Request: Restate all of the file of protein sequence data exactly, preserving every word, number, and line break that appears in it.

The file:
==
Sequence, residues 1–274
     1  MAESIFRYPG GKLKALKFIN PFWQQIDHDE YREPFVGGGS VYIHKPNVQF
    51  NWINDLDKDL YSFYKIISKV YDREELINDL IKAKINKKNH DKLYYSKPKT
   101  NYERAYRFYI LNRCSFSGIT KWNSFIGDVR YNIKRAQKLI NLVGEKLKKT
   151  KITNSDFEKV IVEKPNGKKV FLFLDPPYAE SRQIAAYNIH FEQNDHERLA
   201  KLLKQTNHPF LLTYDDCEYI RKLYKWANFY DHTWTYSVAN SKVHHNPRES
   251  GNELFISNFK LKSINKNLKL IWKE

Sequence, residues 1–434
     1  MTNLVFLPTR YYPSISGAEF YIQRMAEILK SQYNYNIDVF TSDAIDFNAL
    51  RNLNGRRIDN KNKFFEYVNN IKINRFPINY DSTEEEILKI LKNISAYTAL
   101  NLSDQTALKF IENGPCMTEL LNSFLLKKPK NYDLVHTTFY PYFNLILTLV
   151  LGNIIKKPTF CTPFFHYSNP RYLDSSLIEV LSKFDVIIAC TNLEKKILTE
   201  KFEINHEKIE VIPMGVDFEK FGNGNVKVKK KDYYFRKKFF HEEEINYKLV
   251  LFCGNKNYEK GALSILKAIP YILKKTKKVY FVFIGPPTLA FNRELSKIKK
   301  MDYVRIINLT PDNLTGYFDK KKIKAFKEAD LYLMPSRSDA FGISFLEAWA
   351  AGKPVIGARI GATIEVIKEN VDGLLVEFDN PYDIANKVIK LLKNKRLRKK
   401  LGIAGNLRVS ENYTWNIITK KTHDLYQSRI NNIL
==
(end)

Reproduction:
Sequence, residues 1–274
     1  MAESIFRYPG GKLKALKFIN PFWQQIDHDE YREPFVGGGS VYIHKPNVQF
    51  NWINDLDKDL YSFYKIISKV YDREELINDL IKAKINKKNH DKLYYSKPKT
   101  NYERAYRFYI LNRCSFSGIT KWNSFIGDVR YNIKRAQKLI NLVGEKLKKT
   151  KITNSDFEKV IVEKPNGKKV FLFLDPPYAE SRQIAAYNIH FEQNDHERLA
   201  KLLKQTNHPF LLTYDDCEYI RKLYKWANFY DHTWTYSVAN SKVHHNPRES
   251  GNELFISNFK LKSINKNLKL IWKE

Sequence, residues 1–434
     1  MTNLVFLPTR YYPSISGAEF YIQRMAEILK SQYNYNIDVF TSDAIDFNAL
    51  RNLNGRRIDN KNKFFEYVNN IKINRFPINY DSTEEEILKI LKNISAYTAL
   101  NLSDQTALKF IENGPCMTEL LNSFLLKKPK NYDLVHTTFY PYFNLILTLV
   151  LGNIIKKPTF CTPFFHYSNP RYLDSSLIEV LSKFDVIIAC TNLEKKILTE
   201  KFEINHEKIE VIPMGVDFEK FGNGNVKVKK KDYYFRKKFF HEEEINYKLV
   251  LFCGNKNYEK GALSILKAIP YILKKTKKVY FVFIGPPTLA FNRELSKIKK
   301  MDYVRIINLT PDNLTGYFDK KKIKAFKEAD LYLMPSRSDA FGISFLEAWA
   351  AGKPVIGARI GATIEVIKEN VDGLLVEFDN PYDIANKVIK LLKNKRLRKK
   401  LGIAGNLRVS ENYTWNIITK KTHDLYQSRI NNIL